President Barack Obama will convene a summit Monday at the White House of the heads of every key African nation -- except three: Ebola-plagued Liberia, Guinea and Sierra Leone. And as of now, the African Ebola epidemic, the largest on record, is not officially on the summit agenda.
As their epidemics spin out of control in a contagion more than three times larger than any prior Ebola outbreak, Presidents Ellen Johnson-Sirleaf of Liberia, Alpha Condť of Guinea and Ernest Bai Koroma of Sierra Leone are staying home. They are taking drastic measures in hopes of slowing the spread of the deadly hemorrhagic disease: Banning public gatherings, closing schools, deploying their armies to stop attacks on health workers and maintain quarantines.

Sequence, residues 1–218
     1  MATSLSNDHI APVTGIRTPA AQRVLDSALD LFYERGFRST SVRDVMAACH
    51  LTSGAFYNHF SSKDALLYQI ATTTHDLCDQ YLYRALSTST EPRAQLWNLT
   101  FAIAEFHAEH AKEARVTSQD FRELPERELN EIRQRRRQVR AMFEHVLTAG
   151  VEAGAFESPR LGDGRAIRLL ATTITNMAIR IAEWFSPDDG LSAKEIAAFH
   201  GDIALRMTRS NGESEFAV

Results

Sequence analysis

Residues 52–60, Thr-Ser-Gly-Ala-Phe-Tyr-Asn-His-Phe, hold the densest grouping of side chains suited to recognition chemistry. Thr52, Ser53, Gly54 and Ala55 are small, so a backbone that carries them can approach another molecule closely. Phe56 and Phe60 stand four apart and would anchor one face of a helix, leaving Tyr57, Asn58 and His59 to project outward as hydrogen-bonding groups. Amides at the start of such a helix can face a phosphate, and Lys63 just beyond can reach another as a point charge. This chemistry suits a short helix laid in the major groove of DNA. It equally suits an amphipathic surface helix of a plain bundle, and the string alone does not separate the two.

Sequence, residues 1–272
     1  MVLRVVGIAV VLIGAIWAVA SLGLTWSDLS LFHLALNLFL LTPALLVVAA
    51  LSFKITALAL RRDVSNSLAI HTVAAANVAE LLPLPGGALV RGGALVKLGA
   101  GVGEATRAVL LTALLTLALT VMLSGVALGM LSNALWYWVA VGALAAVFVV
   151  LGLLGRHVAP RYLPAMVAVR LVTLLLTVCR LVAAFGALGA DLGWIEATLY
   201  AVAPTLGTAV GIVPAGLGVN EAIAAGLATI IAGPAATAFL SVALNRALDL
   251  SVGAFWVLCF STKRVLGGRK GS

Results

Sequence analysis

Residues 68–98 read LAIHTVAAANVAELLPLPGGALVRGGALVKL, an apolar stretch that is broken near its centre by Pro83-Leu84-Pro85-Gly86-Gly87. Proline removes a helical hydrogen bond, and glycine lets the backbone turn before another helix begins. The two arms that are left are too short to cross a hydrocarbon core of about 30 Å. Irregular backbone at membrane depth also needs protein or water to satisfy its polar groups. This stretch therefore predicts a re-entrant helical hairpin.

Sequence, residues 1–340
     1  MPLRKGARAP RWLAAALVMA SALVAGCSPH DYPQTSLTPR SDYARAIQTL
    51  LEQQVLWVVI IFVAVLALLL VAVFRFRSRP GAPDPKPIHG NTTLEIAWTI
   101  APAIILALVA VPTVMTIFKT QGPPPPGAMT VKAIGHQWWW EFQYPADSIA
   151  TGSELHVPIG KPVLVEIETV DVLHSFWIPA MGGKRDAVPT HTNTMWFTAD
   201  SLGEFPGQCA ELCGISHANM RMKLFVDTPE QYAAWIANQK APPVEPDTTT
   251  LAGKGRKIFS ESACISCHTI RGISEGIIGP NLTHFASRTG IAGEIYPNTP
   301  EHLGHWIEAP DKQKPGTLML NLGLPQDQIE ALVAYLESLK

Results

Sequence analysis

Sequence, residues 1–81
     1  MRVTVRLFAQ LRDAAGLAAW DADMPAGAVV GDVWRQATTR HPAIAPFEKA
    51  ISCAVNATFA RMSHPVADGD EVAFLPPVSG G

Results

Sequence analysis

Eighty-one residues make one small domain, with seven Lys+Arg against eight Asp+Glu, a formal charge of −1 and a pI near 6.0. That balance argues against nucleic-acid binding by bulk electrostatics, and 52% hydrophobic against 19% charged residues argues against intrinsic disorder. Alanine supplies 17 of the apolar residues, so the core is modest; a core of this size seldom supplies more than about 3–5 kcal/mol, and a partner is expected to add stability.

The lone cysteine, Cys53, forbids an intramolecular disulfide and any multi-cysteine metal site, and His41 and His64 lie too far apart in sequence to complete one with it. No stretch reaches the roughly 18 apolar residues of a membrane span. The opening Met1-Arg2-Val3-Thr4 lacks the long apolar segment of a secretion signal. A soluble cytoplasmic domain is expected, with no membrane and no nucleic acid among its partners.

It is tragic that Sirleaf, Condť and Koroma will not be able to plead their nations' cases at the White House summit because their countries desperately need help.
There is great danger that the fear of the virus spreading globally will stigmatize Liberians, Sierra Leonians and Guineans, and that their West African neighbors -- especially Nigeria -- will try to ward off Ebola by isolating the countries in ways that will hurt their fragile economies, further imperiling the health of their people.
It is time to take a cold, clear look at the implications of this out-of-control epidemic and think carefully about what steps the international community should take next.